Tag Archives: technology

Technical planning and implementation – whose responsibility is it?

It’s an all-to-common issue that new technology arrives in school, usually generating a buzz among early adopter staff and is proudly trotted out at open evenings and via various publications to impressed looks and knowing nods of approval, but what then?  In fact, what happens a month, term or even year later?  Recently I’ve been doing a lot of research into tablet computing and something that comes up again and again is that it’s very much a technology that relies on the user putting significant time into considering the possible uses that the gear can be put to.  But where does this come from?  If a school is fortunate, it will enjoy an element of the staff who actually embrace and revel in the opportunity to see how things can be done differently,however in many cases there are plenty of teachers and support staff for whom change has to be managed carefully to avoid fears of alienation or being considered somehow ‘preachy’.

So, do we leave it to the techno-enthusiasts to get things going?  In my opinion, not at all.  Enthusiasm gets you a long way, but it can make you blind to the real-world benefits of certain technology, and possible alternatives.  How can we motivate as many staff as possible to get thinking about the possibilities of new equipment?  Here are some of my thoughts:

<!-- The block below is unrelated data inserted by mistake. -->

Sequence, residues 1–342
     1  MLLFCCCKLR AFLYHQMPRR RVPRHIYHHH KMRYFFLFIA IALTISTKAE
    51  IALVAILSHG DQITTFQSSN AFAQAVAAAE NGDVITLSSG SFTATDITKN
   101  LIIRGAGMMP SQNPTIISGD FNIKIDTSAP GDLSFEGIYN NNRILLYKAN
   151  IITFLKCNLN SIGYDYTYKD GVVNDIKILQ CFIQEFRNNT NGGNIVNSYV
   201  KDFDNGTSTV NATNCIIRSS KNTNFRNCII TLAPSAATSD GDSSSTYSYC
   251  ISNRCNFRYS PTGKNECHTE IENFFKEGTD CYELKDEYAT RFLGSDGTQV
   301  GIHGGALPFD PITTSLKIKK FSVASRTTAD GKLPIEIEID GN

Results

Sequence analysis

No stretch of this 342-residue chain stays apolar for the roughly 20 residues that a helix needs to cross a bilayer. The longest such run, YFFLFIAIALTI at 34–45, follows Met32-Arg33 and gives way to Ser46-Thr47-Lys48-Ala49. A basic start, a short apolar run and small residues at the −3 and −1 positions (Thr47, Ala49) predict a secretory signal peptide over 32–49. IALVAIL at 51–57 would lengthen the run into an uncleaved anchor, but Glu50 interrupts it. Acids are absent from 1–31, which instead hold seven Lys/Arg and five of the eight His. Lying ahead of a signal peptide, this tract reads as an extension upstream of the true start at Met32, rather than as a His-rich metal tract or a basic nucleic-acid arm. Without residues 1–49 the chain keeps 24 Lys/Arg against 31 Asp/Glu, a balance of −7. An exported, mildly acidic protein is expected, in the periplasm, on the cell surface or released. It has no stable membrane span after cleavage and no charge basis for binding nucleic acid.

1). Build a project team, but mix it up – ideally a blend of technical and teaching staff.  The whole team don’t have to be involved with the day-to-day running and reporting of the project but you’ll find answers easier to come by if there’s a broad skill set on tap.  Senior Leadership involvement would naturally be of a benefit but there’s plenty of opportunity to empower other staff by giving them the chance to make a difference and shape the future of the schools’ technological adoption.

2). Be transparent – don’t make a secret of trials or plans.  Make the mission statement and list of ongoing projects available to all, invite contributions and actively seek interaction outside of ‘the group’ – this will help to avoid the feeling that the projects could become ‘personal’.  Consider using ‘public’ forums, shared documents and public demonstration sessions to develop this.

3). Don’t be afraid to fail.   Personally, I’d rather spend £500 now to save £10,000 later.  Consider purchasing trial equipment and sharing it out where possible, but keep ‘prodding’ for feedback and results – if the equipment languishes in a drawer, move it on.

4). Stop ticking boxes.  Chances are, if your project begins with ‘we need iPads’ then you’re already on shaky ground.  Take a step back and look at what you’re trying to achieve and relate this back to real world goals.  If the equipment you’re considering purchasing cannot be evaluated against the schools’ wider aims, then the project is unlikely to be giving useful results when considered to be complete.

5). Be aware of factors outside of your control.  Let’s go back to ‘we need iPads’.  Okay, we hear you!  So what does this mean for infrastructure, deployment, lockdown and management?  Do we need to investigate the purchase of additional equipment, software or training to support the equipment?  If so, what is the TRUE cost of this and in what order should these be approached.

6). Factor in resistance.  There are a million reasons why staff, and even students can be indifferent to the introduction of technology – it can be viewed with suspicion, fear or even plain ol’ ignorance.   Users often need time, exposure and repeated encouragement to come to their own conclusions regarding the usefulness (or otherwise) of technology but sometimes these need challenging via the circulation of best practise and the showcasing of exceptional implementation elsewhere in the institution.